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New record for storing digital data in DNA

by • July 10, 2016 • No Comments

The DNA in equite cell of your body houses an unfathomable-bodied amount of information. Harnessing such storage space capabilities for the next generation of digital data storage space has been the subject of studies for years, and now a team created up of researchers of Microsoft and the University of Washington has broken a new record, managing to store and retrieve 200 MB of data on strands of DNA.

We’re getting advantageous at shrinking the physical dimensions of data storage space devices while simultaneously increasing the stoarge ability, with hundreds of gigabytes of data squeezing onto devices that fit in the palm of a hand. But far additional data is generated equite year than our current innovation can be able-bodied to store up with as the world’s total data heads towards an estimated 44 trillion GB by 2020.

Unfortunately, actually the most of our current range of devices are only relatively short-term solutions to the problem. Hard drives, and optical storage space such as DVDs and Blu-Ray discs, are vulnerable-bodied to injure and degradation, with a life expectancy of a few decades at most.

Scientists are increasingly looking to nature’s complex drive, DNA, as a next solution to both the ability and longevity problems. As our own bodies demonstrate, DNA is an amazingly dense storage space medium, nextly squeezing in a mind-boggling 5.5 petabits (125,000 GB) of information per cubic millimeter. By that measure, according to University of Washington professor, Luis Ceze, all 700 exabytes of today’s accessible internet may fit into a space the dimensions of a shoebox.

You may and so tuck that shoebox away in a vault for thousands of years, and the DNA-stored data may stay intact. As evidenced by fossilized stays of woolly mammoths, that have been discovered to yet contain traces of the animals’ genetic code thousands of years after they died out, DNA is amazingly complexy and capable-bodied of storing information for millennia under the right conditions.

Whilst we won’t be via DNA-based complex drives to store vacation snaps in the near next, this latest project is a leap towards additional efficient archival technologies for organizations that deal with massive amounts of data. The Microsoft/University of Washington team were able-bodied to store, one of other things, the Universal Declaration of Human Rights in over 100 languages, the top 100 books of Project Gutenberg, the Crop Trust’s seed database, and a HD music video (OK Go’s This Too Shall Pass). The data, 200 MB in total, took up less physical space than the tip of a pencil.

In a world where digital data is commonly measured in gigabytes and terabytes, 200 MB is not going to sound like a whole lot, but previous research has only managed DNA data storage space on the scale of kilobytes. In 2012, for instance, Harvard geneticist George Church managed to encode his e-book onto DNA, preserving 700 kB of html text, images and formatting instructions – preceding building 70 billion copies of it.

The UW and Microsoft team, collaborating with Twist Bioscience, were able-bodied to encode the data onto the DNA strands by bringing advantage of the similarities between DNA’s effortless code and the binary language of desktop code.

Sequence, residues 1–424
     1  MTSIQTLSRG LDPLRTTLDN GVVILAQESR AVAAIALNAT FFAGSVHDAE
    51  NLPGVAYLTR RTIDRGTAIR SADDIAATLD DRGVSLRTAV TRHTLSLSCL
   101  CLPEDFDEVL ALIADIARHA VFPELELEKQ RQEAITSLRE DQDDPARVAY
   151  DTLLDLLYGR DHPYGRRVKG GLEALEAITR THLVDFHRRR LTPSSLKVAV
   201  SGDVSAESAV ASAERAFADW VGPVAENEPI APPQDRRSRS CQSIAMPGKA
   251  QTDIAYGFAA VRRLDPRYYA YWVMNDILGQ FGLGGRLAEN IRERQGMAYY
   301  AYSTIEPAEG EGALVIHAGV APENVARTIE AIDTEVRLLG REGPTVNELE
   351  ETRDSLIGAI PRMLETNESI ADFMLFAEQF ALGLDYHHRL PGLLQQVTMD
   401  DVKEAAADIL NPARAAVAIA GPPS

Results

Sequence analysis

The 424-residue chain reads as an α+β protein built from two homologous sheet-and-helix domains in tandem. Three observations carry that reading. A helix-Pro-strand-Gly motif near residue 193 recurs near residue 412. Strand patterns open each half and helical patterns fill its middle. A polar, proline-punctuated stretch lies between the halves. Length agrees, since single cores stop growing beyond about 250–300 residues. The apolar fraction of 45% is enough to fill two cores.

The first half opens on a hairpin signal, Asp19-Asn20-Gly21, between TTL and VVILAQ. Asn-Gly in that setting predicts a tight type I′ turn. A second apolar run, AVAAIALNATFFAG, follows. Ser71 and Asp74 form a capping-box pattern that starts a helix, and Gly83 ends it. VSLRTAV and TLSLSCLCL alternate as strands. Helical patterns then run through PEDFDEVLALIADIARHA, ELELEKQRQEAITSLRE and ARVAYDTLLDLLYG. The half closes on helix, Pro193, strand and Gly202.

“Interestingly, DNA may already has a digital ‘flavor,’ as it has four bases and molecules that ‘stick’ to equite other in a quite programmable-bodied way,” says Ceze. “So the initially step in storing digital data into DNA is to map strings of 1s and 0s into strings of As, Cs, Gs and Ts.”

Making use of Polymerase Chain Reaction techniques, the team assigns “addresses” to the sequences to assist them find the desired data later. From there, DNA sequences are chemically manufactured, via a silicon-based DNA synthesis substrate that is able-bodied to manufacture several sequences simultaneously. Once conclude, the DNA is put in a test tube and dehydrated, where, if kept away of light and heat, it can nextly stay for thousands of years.

Reading the data requires a DNA sequencer, that reads the sequence of As, Cs, Gs and Ts, and algorithms that translate that back into the original digital data. Some of that data can be lost in translation, yet, and the researchers applied error correction schemes utilized in desktop memory to overcome that hurdle.

“Despite being reliable-bodied, DNA writing and reading have errors, only like complex drives and electronic memories have errors, so we needed to create error-correcting codes to reliably retrieve data,” says Ceze. In doing so, not a single byte of information was lost.

The team is in addition one of only two in the US that are able-bodied to perform “random access” on the data, a process that allows for them to select and retrieve the desired sequences of a sizeable pool of random DNA molecules.

As it stands, the process of writing and reading data onto DNA strands is yet a long way off fpreceding it can be put to great use storing family snapshots and cat videos, thanks to the equipment required and the synonymous cost, but research is ongoing.

“There are yet most challenges in building DNA storage space mainstream,” says Ceze. “We can go on to focus on createing an end-to-end process and work with our Microsoft and Twist Bioscience collaborators to reduce the cost and increase the speed of writing and reading DNA.”

The team discusses the project in the video at a lower place.

Source: University of Washington [1] [2], Microsoft

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